Mabuyane defiant on Fort Hare deregistration: ‘I am a student in that university’
Eastern Cape premier's alleged deregistration was linked to the scandal involving a former professor of public sector economics at Fort Hare, who recently had his citizenship revoked.
Eastern Cape Premier Oscar Mabuyane. Picture: Gallo Images / The Times / Masi Losi)
“I am a student in that university, legally admitted and registered by that university. I have never applied to any individual there.”
This was the response of Eastern Cape Premier Oscar Mabuyane when asked to respond to reports that the University of Fort Hare (UFH) had deregistered him from the master’s programme for not meeting minimum requirements.
When pressed for detailed questions, Mabuyane said: “Ask UFH.”
HeraldLive reported on Thursday that Mabuyane’s alleged deregistration was linked to the scandal involving former professor of public sector economics at Fort Hare, Edwin Okey Chikata Ijeoma, who recently had his citizenship revoked. He is originally from Nigeria.
Ijeoma had been placed on suspension after allegations that he had irregularly registered axed Health MEC Sindiswa Gomba for an honours degree in public administration.
When asked if it had deregistered Mabuyane, the Eastern Cape-based university only confirmed that it had deregistered two students.
“The University of Fort Hare (UFH) recently launched an inquiry into allegations of irregular admission and registration of two students supervised by Professor Edwin Ijeoma, who resigned from his position and the employ of the university.”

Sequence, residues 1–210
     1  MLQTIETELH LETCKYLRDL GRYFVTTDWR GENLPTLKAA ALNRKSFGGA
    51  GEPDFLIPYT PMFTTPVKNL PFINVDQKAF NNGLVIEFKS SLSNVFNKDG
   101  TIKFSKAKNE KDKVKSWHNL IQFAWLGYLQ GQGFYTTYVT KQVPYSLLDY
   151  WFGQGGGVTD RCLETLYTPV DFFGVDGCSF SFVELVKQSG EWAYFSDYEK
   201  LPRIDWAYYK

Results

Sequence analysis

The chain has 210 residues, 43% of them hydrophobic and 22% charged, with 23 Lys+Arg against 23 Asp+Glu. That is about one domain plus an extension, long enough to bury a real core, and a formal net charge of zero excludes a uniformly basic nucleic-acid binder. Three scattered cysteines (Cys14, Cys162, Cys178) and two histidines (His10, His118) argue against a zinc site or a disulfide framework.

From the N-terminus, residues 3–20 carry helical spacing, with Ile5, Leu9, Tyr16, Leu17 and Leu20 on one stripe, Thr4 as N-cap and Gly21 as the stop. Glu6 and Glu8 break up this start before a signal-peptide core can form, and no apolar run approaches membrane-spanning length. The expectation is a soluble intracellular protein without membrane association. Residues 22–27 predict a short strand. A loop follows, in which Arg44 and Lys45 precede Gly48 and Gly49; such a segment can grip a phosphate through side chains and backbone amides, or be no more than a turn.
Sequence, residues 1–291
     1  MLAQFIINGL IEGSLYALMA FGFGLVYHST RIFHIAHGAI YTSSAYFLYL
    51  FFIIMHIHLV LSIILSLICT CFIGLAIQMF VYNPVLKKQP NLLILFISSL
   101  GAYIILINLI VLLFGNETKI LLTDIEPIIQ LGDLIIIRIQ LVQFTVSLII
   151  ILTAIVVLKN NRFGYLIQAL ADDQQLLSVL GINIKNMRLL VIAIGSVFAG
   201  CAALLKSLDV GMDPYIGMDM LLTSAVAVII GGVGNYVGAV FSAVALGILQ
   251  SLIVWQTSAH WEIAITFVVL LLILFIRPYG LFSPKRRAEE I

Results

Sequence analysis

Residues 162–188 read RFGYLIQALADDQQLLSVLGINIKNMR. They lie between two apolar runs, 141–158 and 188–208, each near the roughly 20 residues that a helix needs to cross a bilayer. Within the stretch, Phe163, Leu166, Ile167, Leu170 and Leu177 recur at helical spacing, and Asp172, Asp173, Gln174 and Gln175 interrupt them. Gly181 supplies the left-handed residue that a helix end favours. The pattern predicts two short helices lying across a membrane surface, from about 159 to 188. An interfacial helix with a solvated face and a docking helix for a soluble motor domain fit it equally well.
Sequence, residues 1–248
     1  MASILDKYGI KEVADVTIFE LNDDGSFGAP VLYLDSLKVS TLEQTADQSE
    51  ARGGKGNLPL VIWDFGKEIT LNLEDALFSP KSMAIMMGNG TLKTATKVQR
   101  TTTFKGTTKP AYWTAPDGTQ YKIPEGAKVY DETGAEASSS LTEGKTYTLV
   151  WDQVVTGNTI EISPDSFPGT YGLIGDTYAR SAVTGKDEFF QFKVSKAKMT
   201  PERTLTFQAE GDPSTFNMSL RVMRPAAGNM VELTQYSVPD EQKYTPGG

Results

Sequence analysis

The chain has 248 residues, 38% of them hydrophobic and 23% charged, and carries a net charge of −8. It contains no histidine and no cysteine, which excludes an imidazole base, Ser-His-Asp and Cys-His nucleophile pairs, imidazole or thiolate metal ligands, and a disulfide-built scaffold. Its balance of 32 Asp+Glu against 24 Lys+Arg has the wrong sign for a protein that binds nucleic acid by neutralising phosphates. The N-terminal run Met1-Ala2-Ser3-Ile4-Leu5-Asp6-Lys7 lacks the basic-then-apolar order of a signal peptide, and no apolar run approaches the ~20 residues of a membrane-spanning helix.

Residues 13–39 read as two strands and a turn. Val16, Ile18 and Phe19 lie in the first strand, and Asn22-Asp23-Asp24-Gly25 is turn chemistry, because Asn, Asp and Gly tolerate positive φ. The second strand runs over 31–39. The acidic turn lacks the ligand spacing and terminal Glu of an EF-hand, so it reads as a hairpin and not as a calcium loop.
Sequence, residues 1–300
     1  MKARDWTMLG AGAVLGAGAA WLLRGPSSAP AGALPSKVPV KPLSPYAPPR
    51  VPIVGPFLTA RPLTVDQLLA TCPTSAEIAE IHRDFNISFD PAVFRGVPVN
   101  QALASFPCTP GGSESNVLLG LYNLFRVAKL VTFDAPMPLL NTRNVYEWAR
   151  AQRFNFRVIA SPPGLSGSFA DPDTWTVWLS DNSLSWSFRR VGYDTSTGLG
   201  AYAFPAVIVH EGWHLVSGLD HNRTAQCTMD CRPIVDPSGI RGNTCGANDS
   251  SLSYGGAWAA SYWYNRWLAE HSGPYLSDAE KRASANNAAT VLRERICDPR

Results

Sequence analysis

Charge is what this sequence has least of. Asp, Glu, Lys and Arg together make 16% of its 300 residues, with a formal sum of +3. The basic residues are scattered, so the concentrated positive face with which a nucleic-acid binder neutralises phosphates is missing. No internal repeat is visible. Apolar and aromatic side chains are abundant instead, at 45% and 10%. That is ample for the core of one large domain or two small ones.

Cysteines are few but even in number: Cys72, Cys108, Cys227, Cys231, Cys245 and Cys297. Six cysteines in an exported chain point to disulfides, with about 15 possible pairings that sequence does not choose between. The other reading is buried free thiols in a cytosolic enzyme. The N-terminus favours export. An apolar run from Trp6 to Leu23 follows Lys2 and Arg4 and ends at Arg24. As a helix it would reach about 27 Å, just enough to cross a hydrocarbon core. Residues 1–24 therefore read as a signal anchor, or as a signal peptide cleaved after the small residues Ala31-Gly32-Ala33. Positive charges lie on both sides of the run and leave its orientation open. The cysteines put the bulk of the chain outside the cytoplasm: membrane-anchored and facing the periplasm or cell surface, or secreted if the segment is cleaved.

The university said, at its Senate meeting on 12 March this year, a recommendation was presented by the faculty of management and commerce arising from a review they had conducted in respect of two students supervised by Ijeoma before his resignation.
The recommendation was deliberated upon and approved by Senate to exclude and deregister two students from their programmes, for not complying with minimum admission requirements for the degree, including rules of UFH Recognition of Prior Learning (RPL) policy, the university said.
“The Secretary of the Senate wrote to advise the two students of the Senate’s decision on 15 March 2021. The two students are welcome to reapply to the respective programmes once they demonstrate they meet the minimum requirements,” the university said.
UFH declined to name the two students, in line with its “relevant policies”.
However, a university source said Mabuyane’s name was mentioned several times at high-level meetings in connection with deregistration.
In October, The Sunday Times reported how Gomba was allowed to register for three academic years, despite not meeting the criteria for a postgraduate qualification as she did not possess a junior degree.
Mabuyane has a Bachelor of Commerce from the University of Fort Hare.